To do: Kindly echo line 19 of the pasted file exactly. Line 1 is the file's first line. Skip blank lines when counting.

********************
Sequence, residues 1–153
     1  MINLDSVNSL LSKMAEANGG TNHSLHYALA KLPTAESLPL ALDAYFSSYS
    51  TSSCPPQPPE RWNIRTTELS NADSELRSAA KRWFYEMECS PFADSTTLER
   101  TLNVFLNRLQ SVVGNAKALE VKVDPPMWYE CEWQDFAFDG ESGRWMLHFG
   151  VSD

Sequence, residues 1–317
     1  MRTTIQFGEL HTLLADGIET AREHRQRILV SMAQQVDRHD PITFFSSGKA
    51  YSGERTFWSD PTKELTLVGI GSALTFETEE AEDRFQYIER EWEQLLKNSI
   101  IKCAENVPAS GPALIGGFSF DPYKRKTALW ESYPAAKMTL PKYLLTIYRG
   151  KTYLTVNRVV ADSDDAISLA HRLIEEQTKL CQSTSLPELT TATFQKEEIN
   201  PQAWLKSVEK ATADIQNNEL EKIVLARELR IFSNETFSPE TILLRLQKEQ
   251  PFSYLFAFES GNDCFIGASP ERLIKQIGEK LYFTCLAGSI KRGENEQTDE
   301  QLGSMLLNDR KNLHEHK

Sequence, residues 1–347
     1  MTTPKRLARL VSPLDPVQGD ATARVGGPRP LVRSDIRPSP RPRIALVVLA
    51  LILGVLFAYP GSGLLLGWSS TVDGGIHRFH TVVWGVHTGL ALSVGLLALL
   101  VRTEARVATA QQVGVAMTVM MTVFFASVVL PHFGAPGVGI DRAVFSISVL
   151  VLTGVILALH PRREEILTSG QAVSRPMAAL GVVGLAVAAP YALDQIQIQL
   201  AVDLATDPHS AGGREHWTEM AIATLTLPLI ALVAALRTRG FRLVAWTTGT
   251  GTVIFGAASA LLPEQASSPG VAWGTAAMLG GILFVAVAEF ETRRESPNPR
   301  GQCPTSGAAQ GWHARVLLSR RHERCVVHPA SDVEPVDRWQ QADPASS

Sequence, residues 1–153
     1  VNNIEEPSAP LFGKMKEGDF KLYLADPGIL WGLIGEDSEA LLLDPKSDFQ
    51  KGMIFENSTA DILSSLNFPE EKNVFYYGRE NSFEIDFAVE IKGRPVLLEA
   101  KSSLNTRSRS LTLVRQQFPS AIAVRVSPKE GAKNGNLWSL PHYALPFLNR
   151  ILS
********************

   201  AVDLATDPHS AGGREHWTEM AIATLTLPLI ALVAALRTRG FRLVAWTTGT